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More ‘Stimulus’ Checks: Could the Expanded Child Tax Credit Go Past This Year?

Expanded Child Tax Credit Check
CUNY Foreign Policy Speech - New York, NY - July 11, 2019

The expanded child tax credit was a big part of the American Rescue Plan Act, which was signed into law by President Biden in March. The legislation mandated checks for families with children, each month between July and December, and one study showed that the first check had an appreciable impact when it came to reducing child poverty.

The expanded tax credit was only for 2021, but the president has been proposing all year that it be extended into the future, first as part of his American Families Plan and later as part of the budget reconciliation package.

A new report says that what to do with the child tax credit has become a key point of contention in negotiations in Congress over the reconciliation package. Namely, Sen. Joe Manchin (D-WV), whose vote is almost certainly necessary for any such package to pass, is opposed to extending the child tax credit in its current form.

According to The Hill, Manchin’s position is an “obstacle.”

“Manchin said that he wants there to be work requirements for the credit. He has also indicated he thinks there should be “means testing” to lower the income limits for the expanded credit,” the Hill report said. “Democratic lawmakers and left-leaning groups say Manchin’s proposal could weaken the tax credit’s ability to reduce child poverty and help families cover critical expenses.”

“If Senator Manchin thinks that only people making $60,000 or less have needs for their children that they can’t meet, he’s totally out of touch,” Rep. John Yarmuth (D-Ky.), chairman of the House Budget Committee, said in a statement, per The Hill.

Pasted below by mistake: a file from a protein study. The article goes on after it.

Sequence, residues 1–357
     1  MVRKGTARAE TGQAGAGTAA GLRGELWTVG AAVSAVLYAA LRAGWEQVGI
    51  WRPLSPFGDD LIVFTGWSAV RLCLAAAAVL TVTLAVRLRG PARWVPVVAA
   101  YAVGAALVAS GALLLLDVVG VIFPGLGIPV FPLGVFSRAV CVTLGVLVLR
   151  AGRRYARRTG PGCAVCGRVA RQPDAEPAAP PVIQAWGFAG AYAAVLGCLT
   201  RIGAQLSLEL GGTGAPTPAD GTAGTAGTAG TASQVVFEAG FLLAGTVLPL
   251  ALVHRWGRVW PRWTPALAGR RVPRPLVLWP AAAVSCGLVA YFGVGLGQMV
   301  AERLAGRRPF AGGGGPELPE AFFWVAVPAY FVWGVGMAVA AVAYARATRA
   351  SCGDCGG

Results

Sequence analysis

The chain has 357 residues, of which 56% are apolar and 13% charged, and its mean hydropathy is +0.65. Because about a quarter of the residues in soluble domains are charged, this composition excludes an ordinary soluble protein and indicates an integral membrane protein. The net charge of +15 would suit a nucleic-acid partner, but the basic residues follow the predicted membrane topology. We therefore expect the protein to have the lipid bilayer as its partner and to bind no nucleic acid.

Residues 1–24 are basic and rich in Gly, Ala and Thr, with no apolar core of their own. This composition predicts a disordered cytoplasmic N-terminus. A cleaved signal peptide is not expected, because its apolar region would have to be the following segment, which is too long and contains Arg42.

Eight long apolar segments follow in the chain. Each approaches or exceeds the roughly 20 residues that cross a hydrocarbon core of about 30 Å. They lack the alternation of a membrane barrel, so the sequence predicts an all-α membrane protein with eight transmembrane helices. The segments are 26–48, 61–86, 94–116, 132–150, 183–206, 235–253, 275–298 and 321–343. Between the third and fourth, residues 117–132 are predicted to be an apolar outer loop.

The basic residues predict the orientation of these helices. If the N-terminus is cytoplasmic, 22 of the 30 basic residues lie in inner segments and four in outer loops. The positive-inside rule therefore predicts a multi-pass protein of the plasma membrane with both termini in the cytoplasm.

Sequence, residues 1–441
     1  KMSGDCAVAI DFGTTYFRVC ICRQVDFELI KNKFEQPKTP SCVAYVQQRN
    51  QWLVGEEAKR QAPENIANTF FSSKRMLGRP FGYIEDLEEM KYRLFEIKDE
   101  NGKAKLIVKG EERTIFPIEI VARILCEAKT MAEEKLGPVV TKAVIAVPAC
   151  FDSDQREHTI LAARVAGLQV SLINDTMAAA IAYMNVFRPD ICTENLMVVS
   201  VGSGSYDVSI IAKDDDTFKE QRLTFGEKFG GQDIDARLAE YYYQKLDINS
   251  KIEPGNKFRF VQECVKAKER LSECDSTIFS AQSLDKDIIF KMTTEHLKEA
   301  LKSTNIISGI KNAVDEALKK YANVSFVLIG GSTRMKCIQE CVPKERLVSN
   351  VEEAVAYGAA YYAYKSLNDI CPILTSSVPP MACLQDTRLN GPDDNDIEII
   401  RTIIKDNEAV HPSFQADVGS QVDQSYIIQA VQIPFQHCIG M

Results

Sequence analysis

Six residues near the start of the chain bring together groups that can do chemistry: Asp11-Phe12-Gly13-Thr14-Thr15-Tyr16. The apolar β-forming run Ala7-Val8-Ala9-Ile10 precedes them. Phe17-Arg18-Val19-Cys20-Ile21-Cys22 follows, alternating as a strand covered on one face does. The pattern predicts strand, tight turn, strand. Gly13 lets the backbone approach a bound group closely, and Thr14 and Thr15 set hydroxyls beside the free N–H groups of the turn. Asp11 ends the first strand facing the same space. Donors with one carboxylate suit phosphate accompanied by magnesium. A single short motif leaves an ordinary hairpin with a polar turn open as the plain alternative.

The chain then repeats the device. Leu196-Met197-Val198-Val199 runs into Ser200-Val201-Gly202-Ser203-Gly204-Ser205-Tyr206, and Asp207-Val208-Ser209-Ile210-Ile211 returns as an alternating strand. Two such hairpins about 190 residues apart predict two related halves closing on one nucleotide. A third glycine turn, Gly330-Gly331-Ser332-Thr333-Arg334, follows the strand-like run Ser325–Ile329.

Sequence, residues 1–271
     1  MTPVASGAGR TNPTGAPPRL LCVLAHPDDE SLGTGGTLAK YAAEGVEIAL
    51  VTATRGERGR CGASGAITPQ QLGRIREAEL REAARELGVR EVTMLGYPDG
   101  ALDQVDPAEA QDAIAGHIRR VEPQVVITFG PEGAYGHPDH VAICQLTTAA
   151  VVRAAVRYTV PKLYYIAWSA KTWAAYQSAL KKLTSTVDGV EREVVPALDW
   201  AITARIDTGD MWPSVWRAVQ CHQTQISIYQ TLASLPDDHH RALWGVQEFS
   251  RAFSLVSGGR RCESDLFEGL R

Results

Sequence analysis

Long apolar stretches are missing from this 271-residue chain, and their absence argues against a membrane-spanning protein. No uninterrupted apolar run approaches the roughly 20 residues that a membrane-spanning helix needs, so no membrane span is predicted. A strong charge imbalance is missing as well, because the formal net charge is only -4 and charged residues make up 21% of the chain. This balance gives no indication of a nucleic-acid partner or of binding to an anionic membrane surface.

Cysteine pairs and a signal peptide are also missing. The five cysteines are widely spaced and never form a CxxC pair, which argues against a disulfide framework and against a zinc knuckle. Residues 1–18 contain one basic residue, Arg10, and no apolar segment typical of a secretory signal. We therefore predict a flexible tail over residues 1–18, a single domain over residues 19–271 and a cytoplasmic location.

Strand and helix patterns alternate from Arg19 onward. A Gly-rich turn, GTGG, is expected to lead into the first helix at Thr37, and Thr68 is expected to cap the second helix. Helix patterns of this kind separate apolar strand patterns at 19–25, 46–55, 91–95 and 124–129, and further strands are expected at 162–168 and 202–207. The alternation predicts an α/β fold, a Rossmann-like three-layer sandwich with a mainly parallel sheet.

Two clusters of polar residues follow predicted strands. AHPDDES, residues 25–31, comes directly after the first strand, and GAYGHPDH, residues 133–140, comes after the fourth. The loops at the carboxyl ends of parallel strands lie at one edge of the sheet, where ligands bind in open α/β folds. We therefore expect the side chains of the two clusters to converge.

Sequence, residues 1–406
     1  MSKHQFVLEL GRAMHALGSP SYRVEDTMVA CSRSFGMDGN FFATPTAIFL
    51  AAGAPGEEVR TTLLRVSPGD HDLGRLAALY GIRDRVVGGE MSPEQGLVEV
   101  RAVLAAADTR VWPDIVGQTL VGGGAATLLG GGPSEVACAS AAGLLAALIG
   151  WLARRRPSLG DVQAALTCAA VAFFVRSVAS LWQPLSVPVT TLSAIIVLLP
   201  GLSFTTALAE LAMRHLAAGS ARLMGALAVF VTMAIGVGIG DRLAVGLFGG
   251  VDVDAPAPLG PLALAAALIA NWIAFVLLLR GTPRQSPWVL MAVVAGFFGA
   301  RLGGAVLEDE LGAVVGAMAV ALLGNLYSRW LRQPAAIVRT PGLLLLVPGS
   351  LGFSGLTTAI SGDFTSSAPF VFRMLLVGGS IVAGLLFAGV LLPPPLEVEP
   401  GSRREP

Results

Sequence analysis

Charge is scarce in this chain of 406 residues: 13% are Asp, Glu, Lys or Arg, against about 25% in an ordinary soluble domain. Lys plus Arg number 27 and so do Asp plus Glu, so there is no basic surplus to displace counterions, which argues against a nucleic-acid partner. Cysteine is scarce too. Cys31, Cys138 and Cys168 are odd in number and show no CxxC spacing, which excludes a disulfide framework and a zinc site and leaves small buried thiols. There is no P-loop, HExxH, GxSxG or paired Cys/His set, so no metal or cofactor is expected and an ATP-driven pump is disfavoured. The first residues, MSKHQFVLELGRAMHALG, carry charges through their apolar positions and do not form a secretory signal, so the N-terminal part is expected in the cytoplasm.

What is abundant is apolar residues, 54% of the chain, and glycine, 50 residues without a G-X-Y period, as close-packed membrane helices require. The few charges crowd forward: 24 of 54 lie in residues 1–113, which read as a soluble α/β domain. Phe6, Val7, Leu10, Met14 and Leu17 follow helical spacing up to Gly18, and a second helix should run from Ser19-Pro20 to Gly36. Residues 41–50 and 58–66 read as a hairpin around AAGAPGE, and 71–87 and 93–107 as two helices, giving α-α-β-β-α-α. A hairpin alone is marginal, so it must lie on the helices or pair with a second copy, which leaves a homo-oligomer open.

It’s not clear which direction the talks will go. If enough is stripped out of the bill, it runs the risk of losing support from progressives, especially those on the House side.

Meanwhile, the Washington Post reported further on the state of the negotiations-including the scenario that the child tax credit might only be extended for one year. That would reduce the cost of the package, but would postpone an additional fight to get it extended beyond then.

The president is set to meet with both progressive and moderate factions in the hope of reaching a deal.

“In past meetings, Biden has told the two sparring camps of Democrats that they have no choice but to compromise — suggesting that they may have to come to terms with a smaller, roughly $2 trillion package that forces them to scale back their policy priorities,” the Post said. “But party lawmakers have agreed on neither the scope of the cuts nor the final price tag for the bill, resulting in a stalemate that has kept Democrats from acting to adopt a measure that many see as critical to their own reelection prospects.”

The author of the Post story tweeted that Biden had floated “a (slightly) smaller $1.75T to $1.9T package to House progressives, plus just a one-year extension of the child tax credit.”

 Stephen Silver is a journalist, essayist and film critic, who is also a contributor to The Philadelphia Inquirer, Philly Voice, Philadelphia Weekly, the Jewish Telegraphic Agency, Living Life Fearless, Backstage magazine, Broad Street Review and Splice Today. The co-founder of the Philadelphia Film Critics Circle, Stephen lives in suburban Philadelphia with his wife and two sons. Follow him on Twitter at @StephenSilver.

Written By

Stephen Silver is a journalist, essayist, and film critic, who is also a contributor to Philly Voice, Philadelphia Weekly, the Jewish Telegraphic Agency, Living Life Fearless, Backstage magazine, Broad Street Review, and Splice Today. The co-founder of the Philadelphia Film Critics Circle, Stephen lives in suburban Philadelphia with his wife and two sons. Follow him on Twitter at @StephenSilver.

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